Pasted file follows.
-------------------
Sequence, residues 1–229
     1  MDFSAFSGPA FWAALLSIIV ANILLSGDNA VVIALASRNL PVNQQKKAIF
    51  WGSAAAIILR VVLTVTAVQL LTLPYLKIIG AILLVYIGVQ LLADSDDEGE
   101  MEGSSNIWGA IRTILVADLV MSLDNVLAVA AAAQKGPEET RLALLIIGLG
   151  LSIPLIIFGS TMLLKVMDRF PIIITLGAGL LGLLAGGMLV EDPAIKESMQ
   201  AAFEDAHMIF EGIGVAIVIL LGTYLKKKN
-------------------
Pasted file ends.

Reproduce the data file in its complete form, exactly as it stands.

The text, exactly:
Sequence, residues 1–229
     1  MDFSAFSGPA FWAALLSIIV ANILLSGDNA VVIALASRNL PVNQQKKAIF
    51  WGSAAAIILR VVLTVTAVQL LTLPYLKIIG AILLVYIGVQ LLADSDDEGE
   101  MEGSSNIWGA IRTILVADLV MSLDNVLAVA AAAQKGPEET RLALLIIGLG
   151  LSIPLIIFGS TMLLKVMDRF PIIITLGAGL LGLLAGGMLV EDPAIKESMQ
   201  AAFEDAHMIF EGIGVAIVIL LGTYLKKKN